HIGH-RESOLUTION MEASUREMENTS IN PLANT BIOLOGY
Advances in plant genome sequencing
Article first published online: 27 MAR 2012
© 2012 The Authors. The Plant Journal © 2012 Blackwell Publishing Ltd
The Plant Journal
Special Issue: High-resolution Measurements in Plant Biology
Volume 70, Issue 1, pages 177–190, April 2012
How to Cite
Hamilton, J. P. and Robin Buell, C. (2012), Advances in plant genome sequencing. The Plant Journal, 70: 177–190. doi: 10.1111/j.1365-313X.2012.04894.x
- Issue published online: 27 MAR 2012
- Article first published online: 27 MAR 2012
- Received 5 October 2011; revised 14 December 2011; accepted 19 December 2011.
- next generation sequencing.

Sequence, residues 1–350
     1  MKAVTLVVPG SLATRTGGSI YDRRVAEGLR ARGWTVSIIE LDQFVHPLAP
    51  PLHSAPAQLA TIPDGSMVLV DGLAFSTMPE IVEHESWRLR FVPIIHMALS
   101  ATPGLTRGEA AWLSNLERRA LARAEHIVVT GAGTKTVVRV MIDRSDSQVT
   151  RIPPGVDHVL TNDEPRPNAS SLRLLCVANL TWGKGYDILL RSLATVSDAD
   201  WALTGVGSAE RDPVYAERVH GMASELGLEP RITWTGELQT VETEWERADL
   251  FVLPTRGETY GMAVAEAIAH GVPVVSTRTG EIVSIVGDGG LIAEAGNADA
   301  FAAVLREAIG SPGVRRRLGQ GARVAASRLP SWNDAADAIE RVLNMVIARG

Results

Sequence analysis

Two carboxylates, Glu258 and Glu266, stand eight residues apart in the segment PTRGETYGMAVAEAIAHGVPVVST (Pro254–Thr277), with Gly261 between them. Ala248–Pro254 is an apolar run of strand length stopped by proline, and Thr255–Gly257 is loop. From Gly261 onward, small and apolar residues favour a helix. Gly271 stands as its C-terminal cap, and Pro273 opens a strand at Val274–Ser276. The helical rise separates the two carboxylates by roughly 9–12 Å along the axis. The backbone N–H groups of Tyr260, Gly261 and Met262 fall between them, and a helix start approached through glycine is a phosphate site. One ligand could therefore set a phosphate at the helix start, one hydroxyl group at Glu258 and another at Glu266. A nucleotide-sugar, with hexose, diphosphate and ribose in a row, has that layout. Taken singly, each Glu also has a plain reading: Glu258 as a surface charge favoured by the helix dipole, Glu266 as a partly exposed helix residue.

The study of plant biology in the 21st century is, and will continue to be, vastly different from that in the 20th century. One driver for this has been the use of genomics methods to reveal the genetic blueprints for not one but dozens of plant species, as well as resolving genome differences in thousands of individuals at the population level. Genomics technology has advanced substantially since publication of the first plant genome sequence, that of Arabidopsis thaliana, in 2000. Plant genomics researchers have readily embraced new algorithms, technologies and approaches to generate genome, transcriptome and epigenome datasets for model and crop species that have permitted deep inferences into plant biology. Challenges in sequencing any genome include ploidy, heterozygosity and paralogy, all which are amplified in plant genomes compared to animal genomes due to the large genome sizes, high repetitive sequence content, and rampant whole- or segmental genome duplication. The ability to generate de novo transcriptome assemblies provides an alternative approach to bypass these complex genomes and access the gene space of these recalcitrant species. The field of genomics is driven by technological improvements in sequencing platforms; however, software and algorithm development has lagged behind reductions in sequencing costs, improved throughput, and quality improvements. It is anticipated that sequencing platforms will continue to improve the length and quality of output, and that the complementary algorithms and bioinformatic software needed to handle large, repetitive genomes will improve. The future is bright for an exponential improvement in our understanding of plant biology.